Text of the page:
Text formatting with streams

Discussion in 'C++' started by CSpartan, Jul 20, 2005.

  1. CSpartan

    CSpartan Guest

    I need to create a C++ function that works similar to 'cout'. I would
    like to have a function 'MyTextOut' that would accept the following
    syntax

    MyTextOut << "x = " << iX << " kg" ;

    and outputs the concatenated string on a I/O channel defined by me.
    CSpartan, Jul 20, 2005
    #1
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  2. CSpartan

    Chris Dams Guest

    Dear CSpartan,

    On Wed, 2005-07-20 at 09:49 -0700, CSpartan wrote:
    > I need to create a C++ function that works similar to 'cout'. I would
    > like to have a function 'MyTextOut' that would accept the following
    > syntax
    >
    > MyTextOut << "x = " << iX << " kg" ;
    >
    > and outputs the concatenated string on a I/O channel defined by me.


    This already exists in the standard library. It is called an
    ostringstream and can be used as in

    #include<sstream>

    vector<string> v;
    ostringstream ss;
    int i=5,j=8;
    ss << "f" << i << "_" << j;
    v.push_back(ss.str());

    Best wishes,
    Chris
    Chris Dams, Jul 21, 2005
    #2
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  3. CSpartan wrote:
    > I need to create a C++ function that works similar to 'cout'.


    You should probably start with learning C++ first... 'cout' is not
    a function, it is an object of a class (of 'std::eek:stream' or derived
    thereof) and you apparently want to create a similar class. Note,
    however, that this is done differently than you think: you are *not*
    going to change 'std::eek:stream' or derive thereof (well, you might
    derive from this class but only for convenient construction; see below)
    but you want to derive a class from 'std::streambuf' and use it with
    an 'std::eek:stream'.

    > I would like to have a function 'MyTextOut' that would accept the
    > following syntax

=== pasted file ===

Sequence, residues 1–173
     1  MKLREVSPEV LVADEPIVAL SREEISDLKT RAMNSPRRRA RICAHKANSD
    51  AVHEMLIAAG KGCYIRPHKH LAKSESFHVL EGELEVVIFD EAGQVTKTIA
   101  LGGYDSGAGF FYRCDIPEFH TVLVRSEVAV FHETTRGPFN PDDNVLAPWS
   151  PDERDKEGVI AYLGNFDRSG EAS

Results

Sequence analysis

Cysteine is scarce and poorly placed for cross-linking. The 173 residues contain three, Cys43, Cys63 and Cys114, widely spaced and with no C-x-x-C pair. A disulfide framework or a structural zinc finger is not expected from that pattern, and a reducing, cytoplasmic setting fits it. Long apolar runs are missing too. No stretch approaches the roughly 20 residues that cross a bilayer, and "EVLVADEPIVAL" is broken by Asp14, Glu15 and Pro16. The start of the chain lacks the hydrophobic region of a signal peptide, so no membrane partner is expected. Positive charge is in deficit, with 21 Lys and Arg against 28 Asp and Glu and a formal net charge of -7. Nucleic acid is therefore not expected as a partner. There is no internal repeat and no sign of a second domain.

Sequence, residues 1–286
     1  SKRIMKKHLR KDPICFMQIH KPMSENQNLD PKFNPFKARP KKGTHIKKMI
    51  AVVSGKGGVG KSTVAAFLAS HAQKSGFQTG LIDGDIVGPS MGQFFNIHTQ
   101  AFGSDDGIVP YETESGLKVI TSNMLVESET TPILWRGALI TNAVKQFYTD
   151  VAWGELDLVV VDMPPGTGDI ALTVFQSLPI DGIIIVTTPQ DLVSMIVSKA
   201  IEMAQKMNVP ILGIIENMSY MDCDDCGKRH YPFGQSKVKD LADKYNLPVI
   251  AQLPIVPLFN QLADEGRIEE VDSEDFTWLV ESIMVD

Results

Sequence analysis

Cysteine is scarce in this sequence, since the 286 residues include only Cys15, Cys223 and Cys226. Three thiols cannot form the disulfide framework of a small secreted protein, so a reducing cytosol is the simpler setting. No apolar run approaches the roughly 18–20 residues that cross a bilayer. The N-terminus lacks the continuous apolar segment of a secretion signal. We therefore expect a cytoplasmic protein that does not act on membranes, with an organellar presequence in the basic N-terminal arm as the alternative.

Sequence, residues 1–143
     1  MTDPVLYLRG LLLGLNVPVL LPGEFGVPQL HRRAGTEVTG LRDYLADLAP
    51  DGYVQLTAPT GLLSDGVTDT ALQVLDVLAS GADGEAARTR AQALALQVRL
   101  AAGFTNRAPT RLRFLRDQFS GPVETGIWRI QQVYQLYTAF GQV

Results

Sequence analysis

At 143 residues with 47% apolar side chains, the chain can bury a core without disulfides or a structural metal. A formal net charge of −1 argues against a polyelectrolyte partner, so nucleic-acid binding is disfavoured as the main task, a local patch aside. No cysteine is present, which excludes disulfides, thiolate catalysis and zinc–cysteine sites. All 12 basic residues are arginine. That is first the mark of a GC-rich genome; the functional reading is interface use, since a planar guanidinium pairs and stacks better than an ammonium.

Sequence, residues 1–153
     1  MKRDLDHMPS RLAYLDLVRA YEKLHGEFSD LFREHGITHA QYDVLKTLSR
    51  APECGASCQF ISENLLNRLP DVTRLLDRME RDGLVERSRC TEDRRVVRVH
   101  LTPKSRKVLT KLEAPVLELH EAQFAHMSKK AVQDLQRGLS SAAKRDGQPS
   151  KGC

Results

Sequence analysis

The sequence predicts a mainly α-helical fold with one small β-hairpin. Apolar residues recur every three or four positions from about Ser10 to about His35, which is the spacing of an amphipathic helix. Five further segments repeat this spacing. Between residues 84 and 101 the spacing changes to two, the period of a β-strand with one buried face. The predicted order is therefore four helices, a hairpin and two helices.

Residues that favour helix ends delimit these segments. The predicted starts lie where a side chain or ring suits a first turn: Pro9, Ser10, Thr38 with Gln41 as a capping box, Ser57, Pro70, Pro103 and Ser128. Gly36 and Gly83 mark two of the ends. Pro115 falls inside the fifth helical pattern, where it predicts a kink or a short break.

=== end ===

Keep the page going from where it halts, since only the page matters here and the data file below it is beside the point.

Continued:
>
    > MyTextOut << "x = " << iX << " kg" ;
    >
    > and outputs the concatenated string on a I/O channel defined by me.


    IOStreams operate on external representations abstracted using the
    class 'std::streambuf' (well, actually it is a class template called
    'std::basic_streambuf' but you should probably ignore this detail for
    noww and use the typedef 'std::streambuf' thinking of it as a normal
    class). For handling output you want to override the virtual function
    'sync()' and 'overflow()' which do similar but not identical operations.
    In addition, you want to setup a buffer to avoid sending individual
    characters. This looks something like this:

    class io_channel_buf:
    public std::streambuf
    {
    public:
    io_channel_buf() { setp(m_buffer, m_buffer + s_size - 1); }
    private:
    int overflow(int c)
    {
    if (traits_type::eq_int_type(c, traits_type::eof()))
    {
    *pptr() = traits_type::to_char_type(c);
    pbump(1);
    }
    return sync() == -1? traits_type::eof(): traits_type::not_eof(c);
    }

    int sync()
    {
    if (pbase() != pptr())
    {
    int rc = write(channel, pbase(), pptr() - pbase());
    if (rc != pptr() - pbase())
    return -1; // TODO: possibly deal with partially send buffers...
    sep(m_buffer, m_buffer + s_size - 1);
    }
    return 0;
    }

    enum { s_size = 1024 };
    char m_buffer[s_size];
    };

    The 'write()' function sends the characters to your I/O channel and
    will probably be replaced by whatever approach is suitable to access
    this I/O channel. You would then create an 'std::eek:stream' object which
    internally uses this stream buffer for your stream object:

    io_channel_buf MyTextBuf;
    std::eek:stream MyTextOut(&MyTextBuf);

    MyTextOut << whatever;

    To avoid the two step construction of the output object, you might